The economy grew 1.8% last quarter from the same period in 2016, the Australian Bureau of Statistics revealed on Wednesday. On a quarter-to-quarter basis, growth stood at 0.8%.
Both figures are lower economists’ forecasts of 1.9% and 0.9%, respectively, as a slump in non-residential construction offset higher household and government spending.
The expansion marked Australia’s 26th year without a recession. This dovetails with the Reserve Bank of Australia’s view of an economy gaining pace over the coming year, Bloomberg reported. The central bank has notably kept interest rates at 1.5% over the past 13 months to spur a transition away from mining investment and toward services and manufacturing as growth drivers.
The lower-than-expected result “overstates the health of the economy as it needs to be taken in context of the weak 0.3 quarter-on-quarter rise in the first quarter,” said Paul Dales, Capital Economics chief Australia & New Zealand economist, as quoted by Bloomberg.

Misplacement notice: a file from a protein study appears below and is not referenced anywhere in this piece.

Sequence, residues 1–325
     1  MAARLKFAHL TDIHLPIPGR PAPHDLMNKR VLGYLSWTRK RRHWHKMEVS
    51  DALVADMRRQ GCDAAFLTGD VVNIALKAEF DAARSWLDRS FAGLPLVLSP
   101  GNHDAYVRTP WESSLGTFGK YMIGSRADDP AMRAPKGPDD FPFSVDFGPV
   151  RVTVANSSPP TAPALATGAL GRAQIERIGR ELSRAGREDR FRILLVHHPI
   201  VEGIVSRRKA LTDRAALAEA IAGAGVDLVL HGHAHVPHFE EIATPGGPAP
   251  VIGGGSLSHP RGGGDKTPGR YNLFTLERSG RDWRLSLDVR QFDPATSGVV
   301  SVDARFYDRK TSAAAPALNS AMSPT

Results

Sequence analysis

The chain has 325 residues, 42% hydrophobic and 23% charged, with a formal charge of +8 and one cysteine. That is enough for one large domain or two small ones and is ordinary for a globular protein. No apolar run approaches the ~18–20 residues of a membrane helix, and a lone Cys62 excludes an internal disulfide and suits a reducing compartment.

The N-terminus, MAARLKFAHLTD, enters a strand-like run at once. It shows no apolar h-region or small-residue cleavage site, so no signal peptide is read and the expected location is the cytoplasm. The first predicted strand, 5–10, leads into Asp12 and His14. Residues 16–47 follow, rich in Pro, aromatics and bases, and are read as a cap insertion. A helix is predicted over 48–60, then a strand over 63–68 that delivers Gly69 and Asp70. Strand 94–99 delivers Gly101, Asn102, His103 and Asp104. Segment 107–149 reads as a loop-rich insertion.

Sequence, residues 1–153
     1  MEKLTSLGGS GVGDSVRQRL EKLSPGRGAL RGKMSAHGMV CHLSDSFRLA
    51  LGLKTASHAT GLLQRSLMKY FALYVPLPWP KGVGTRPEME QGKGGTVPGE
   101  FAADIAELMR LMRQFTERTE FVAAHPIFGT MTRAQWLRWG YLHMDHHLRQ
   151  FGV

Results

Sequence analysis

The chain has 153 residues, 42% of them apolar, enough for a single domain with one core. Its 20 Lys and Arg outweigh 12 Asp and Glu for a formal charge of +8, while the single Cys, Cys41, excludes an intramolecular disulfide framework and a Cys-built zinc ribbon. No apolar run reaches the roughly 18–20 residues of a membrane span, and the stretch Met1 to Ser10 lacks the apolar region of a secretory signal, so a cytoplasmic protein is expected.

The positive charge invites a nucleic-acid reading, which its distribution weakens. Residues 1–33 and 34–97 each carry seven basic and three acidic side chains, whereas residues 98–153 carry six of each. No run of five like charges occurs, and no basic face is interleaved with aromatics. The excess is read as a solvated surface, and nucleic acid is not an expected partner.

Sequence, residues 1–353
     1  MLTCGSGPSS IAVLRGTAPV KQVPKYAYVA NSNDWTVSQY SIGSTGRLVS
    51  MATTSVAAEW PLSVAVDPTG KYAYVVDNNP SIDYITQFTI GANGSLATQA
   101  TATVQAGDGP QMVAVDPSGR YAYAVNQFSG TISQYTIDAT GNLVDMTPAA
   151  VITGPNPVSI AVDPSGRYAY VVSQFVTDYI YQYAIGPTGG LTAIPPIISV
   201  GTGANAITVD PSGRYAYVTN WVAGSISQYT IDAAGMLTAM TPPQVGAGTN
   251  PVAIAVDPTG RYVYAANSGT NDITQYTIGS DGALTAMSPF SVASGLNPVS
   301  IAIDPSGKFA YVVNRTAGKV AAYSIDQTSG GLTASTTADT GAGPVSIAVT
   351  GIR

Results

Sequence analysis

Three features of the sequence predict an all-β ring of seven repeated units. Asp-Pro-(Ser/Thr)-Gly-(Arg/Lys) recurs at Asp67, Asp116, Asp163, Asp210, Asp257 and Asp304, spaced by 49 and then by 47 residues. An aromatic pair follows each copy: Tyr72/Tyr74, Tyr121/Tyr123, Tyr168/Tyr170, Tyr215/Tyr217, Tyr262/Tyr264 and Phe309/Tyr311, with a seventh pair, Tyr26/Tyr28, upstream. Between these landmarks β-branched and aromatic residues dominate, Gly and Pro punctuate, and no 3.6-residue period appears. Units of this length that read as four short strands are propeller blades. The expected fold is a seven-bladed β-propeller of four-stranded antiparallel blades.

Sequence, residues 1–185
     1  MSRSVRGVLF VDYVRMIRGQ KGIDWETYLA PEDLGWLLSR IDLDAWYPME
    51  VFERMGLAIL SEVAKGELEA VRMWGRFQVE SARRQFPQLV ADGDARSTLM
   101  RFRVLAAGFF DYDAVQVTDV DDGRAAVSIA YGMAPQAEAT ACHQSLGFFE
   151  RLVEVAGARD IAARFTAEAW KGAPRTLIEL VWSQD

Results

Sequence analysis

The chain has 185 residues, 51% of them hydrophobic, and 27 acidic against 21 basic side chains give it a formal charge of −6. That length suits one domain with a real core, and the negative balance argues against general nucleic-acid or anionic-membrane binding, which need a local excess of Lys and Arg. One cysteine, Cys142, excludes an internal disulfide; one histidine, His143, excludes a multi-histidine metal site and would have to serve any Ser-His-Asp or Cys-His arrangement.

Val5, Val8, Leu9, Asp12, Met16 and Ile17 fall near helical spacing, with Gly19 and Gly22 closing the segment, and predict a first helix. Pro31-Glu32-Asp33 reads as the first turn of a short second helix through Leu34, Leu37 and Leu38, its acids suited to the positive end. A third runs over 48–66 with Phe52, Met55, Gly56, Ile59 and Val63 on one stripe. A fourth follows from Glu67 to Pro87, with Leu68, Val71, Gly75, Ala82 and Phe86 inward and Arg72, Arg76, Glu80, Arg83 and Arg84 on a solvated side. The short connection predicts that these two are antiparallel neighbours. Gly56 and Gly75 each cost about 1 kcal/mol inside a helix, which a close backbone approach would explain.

“The rebounds in both consumption and dwellings investment didn’t reverse all of the previous weakness, which supports our view that more fundamental factors will continue to weigh on these areas over the next couple of years,” he added.
The numbers are solid “on the surface,” according to Commonwealth Bank of Australia senior economist Gareth Aird. But “weak household income growth continues to weigh on the consumer. And flat real wages growth indicates that workers are not sharing the productivity dividend that is evident in positive GDP per capita growth. As a result, the disparity between consumer and business confidence is likely to persist.”
With a report from Bloomberg
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